Might be an interesting topic to cover.

I would agree that there is a lack of desire to be secure, but with many of my clients, it’s an educational issue. The level of effort I put in depends on the client, but at least in my experiences so far, once I spend the time to educate them on what security risks are out there, they really adopt a security mindset. One of the things I do is really customize my talk to their business, showing real examples of how security events have impacted their types of businesses, as well as the costs or impacts from those events.

For some, having adequate backups is good enough for them. We leverage FreeNAS shadow copies for one level, and multiple off-site, offline backups for secondary efforts. Those clients are really not worried about any realtime impact. For others (schools, certain point-of-sale businesses), downtime is critical, as well as public perception. Those mitigations are much more significant, and it’s interesting and even fun for some of them to do the assessments.

We even had one client a couple of years ago who wanted to do a risk-walkthrough. After about 10 minutes, they stopped us and invited some of their key folks to come and do the rest of the walkthrough. Their response was so significant that we’ve adopted that practice and offered it as an option going forward. When the client learns to identify issues and think in security mindset, they can be your best allies. We’ve been very fortunate, and I hope that continues.

But I’d be foolish to think we know it all. This stuff changes so much, I’m constantly worried about what I don’t know. I hope Tom and the team take this up. I think many of us would get a lot of benefit.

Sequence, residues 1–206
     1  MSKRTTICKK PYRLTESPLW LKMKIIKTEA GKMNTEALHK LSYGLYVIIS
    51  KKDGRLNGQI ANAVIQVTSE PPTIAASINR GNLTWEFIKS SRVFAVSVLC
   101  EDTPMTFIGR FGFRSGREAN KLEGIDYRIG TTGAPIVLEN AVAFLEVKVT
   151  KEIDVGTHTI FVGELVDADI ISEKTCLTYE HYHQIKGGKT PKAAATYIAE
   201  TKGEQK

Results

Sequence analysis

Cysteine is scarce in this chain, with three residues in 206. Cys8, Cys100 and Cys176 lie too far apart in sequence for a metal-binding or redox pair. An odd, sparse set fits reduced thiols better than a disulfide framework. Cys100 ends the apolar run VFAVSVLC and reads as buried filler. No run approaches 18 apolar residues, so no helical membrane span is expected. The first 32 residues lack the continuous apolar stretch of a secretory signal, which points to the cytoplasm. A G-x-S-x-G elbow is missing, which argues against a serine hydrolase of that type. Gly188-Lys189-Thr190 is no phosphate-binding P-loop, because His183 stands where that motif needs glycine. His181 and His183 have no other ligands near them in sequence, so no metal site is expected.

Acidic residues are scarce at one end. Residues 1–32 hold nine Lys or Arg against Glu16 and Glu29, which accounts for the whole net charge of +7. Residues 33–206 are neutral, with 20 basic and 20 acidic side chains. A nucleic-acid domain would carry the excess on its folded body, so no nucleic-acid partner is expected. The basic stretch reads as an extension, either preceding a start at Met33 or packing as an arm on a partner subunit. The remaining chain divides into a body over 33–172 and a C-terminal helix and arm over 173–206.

Maybe they could do a follow up video on best practices to get customers onboard with these security practices.

I like this idea. But I must say that especially in a small business setting, it’s often the “soft” security factors that clients get bitten on.

Yes, firewall rules, segmentation, etc are very important. But let’s look at a typical SMB. In my professional experience, you can drastically reduce their risks with:

  • User security awareness training
  • Email measures such as filtering, warning for certain attachments, phishing prevention, etc.
  • Strong passwords
  • Installing updates and patches promptly
  • Strong BYOD and remote work policy

Not as much fun as doing some hardcore networking, and of course “hard” security is needed too. But this is the stuff that is lacking in the SMB community, in my experience.

Shameless plug, I’ve just written this report on some softer security factors. It’s aimed at a non-technical audience, but it might be of interest.

Installing patches is a very important step, you’d be surprised how often this step is skipped and then getting attacked 6 months later. I have a specific case but shouldn’t go into detail.

For now least privileges is so important… When I first started as an IT-Technician we have some users that has admin access and can install all the games they want or download movies haha Missed the old days.